Ransom seeking hackers taking advantage of server flaws


Content was taken from Reuters, Mr. Raphael Satter click here for original article from The Insurance Journal’s Mr. Jeff Mason click here for original article.

Since Microsoft announced a series of vulnerabilities in it’s widely used mail server software on March 2, 2021 the biggest threat has been from hacker groups holding users hostage by preventing access to their data unless large sums of money are paid. One security firm had counted 10 separate hacking groups taking advantage of the flaws – with ransomware targeting being the most serious of the threats.

On Sunday, The White House urged computer network operators to “take further steps to gauge whether their systems were targeted?” Despite a recent software patch concerns over remaining vulnerabilities continued to loom. The remedy still leaves open a so-called back door that can allow access to compromised servers and perpetuating further attacks by others. The back channels for remote access can impact credit unions, town governments and small business, and have left U.S. officials scrambling to reach victims, with the FBI on Sunday urging them to contact the law enforcement agency.

CNN reported that the Biden administration was forming a task force to address the hack. The White House official, in a statement, said the administration was making “a whole of government response.” A Microsoft representative said that the company is working with the government and others to help guide them accordingly. Secondly, Microsoft has urged the impacted to install patch updates as soon as possible.

Neither the company nor the White House has specified the scale of the hack. Microsoft initially said it was limited, but the White House last week expressed concern about the potential for “a large number of victims.” So far, only a small percentage of infected networks have been compromised through the back door, the source previously told Reuters, but more attacks are expected. We will continue to monitor the situation as it develops.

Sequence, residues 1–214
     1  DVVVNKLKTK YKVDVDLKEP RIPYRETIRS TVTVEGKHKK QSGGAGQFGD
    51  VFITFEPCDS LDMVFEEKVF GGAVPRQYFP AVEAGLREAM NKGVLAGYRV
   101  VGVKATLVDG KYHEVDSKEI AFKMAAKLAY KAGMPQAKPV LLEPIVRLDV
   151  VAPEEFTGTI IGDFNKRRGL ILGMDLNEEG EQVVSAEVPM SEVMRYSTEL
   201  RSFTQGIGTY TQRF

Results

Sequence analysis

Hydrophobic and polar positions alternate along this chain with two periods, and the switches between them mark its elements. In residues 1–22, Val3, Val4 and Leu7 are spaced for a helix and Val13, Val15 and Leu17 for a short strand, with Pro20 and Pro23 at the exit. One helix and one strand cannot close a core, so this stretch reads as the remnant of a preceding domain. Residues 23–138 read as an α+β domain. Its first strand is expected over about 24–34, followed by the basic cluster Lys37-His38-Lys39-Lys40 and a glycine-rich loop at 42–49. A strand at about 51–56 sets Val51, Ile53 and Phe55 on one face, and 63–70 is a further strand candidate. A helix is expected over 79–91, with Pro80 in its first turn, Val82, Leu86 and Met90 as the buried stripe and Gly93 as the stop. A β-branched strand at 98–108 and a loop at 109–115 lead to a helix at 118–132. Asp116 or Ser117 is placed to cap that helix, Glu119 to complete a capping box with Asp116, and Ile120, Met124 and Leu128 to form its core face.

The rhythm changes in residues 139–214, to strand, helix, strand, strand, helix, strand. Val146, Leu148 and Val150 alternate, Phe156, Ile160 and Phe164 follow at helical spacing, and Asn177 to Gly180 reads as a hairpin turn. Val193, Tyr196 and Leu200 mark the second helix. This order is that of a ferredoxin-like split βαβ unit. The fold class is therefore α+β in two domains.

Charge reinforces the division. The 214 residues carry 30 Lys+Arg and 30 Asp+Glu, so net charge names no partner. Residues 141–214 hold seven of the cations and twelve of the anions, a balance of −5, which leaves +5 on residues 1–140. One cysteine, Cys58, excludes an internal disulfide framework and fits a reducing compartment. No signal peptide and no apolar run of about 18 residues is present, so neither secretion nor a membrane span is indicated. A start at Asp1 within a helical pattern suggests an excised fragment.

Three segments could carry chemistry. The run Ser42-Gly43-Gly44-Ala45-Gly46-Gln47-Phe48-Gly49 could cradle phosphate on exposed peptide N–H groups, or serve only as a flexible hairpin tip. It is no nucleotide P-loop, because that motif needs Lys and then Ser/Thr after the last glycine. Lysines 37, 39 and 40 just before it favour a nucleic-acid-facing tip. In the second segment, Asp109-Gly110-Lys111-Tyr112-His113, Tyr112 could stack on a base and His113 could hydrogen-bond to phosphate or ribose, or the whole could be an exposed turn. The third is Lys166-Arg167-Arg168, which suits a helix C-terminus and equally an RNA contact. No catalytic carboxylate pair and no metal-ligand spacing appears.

PPP Loan Forgiveness Update

On October 1st, FUBA (Florida United Business Association) issued a status update on PPP loan forgiveness. Check out their article below for helpful links and information.

As a reminder, the forgiveness application process is handled through your lender. The necessary forms for loan forgiveness are included in this article, however your lender may have a separate set of forms (hopefully electronic and online) for application filing. Use the forms provided below to prepare your business for what is needed when filing.


PPP Loan Forgiveness Update – Still No Automatic Forgiveness

For the past few months, a bill has been pending in Congress that would automatically forgive PPP loans under $150,000. If this law is approved, small businesses who received a PPP loan of less than $150,000 can have their loan automatically forgiven without having to file a forgiveness application with their bank.

As of today, Congress still has not approved automatic forgiveness of PPP loans for small businesses.

Because the loan forgiveness application is lengthy, many small businesses are waiting to file their application in the hopes that Congress will approve automatic forgiveness. As of now, there is still plenty of time for you to wait and see if Congress acts.

The current deadline to apply for PPP forgiveness is 10 months after the end of your loan’s “covered period.” The covered period for your loan started the day you received the PPP loan and either lasts 8 weeks or 24 weeks, depending on the date you received your loan.

If you received your PPP loan before June 5, 2020, your loan’s covered period is either 8 weeks or 24 weeks, whichever you choose. If you received your PPP loan after June 5, 2020, your loan’s covered period is 24 weeks after the date you received your loan.

Your 10-month period to apply your loan forgiveness application starts after your loan’s covered period ends. For example, if you received your PPP loan on May 1st, you could choose either 8 weeks or 24 weeks to spend your loan. If you chose an 8-week covered period, you must have spent your entire PPP loan by June 26th and you have 10 months after that to apply for forgiveness. If you choose the 24-week covered period, you have until October 16th to spend your PPP loan, and then you have 10 months from that date to apply for forgiveness.

If you do not apply for forgiveness within 10 months of the end of your loan’s covered period, your PPP loan will become an actual loan that you will have to pay back with a 1% interest rate for a term of 2 years (if your loan was approved prior to June 5, 2020) or 5 years (if your loan was approved after June 5, 2020).

To apply for loan forgiveness, you will need to file the Small Business Administration’s application (Form 3508) with the bank that issued the loan to you. If your business did not reduce the number of its employees or their wages, you can use the more streamlined Form 3508EZ. Both forgiveness applications as well as their instructions are available from our Coronavirus Resources for small businesses. FUBA members with questions about PPP loan forgiveness can ask our experts by calling us at 800-262-4483.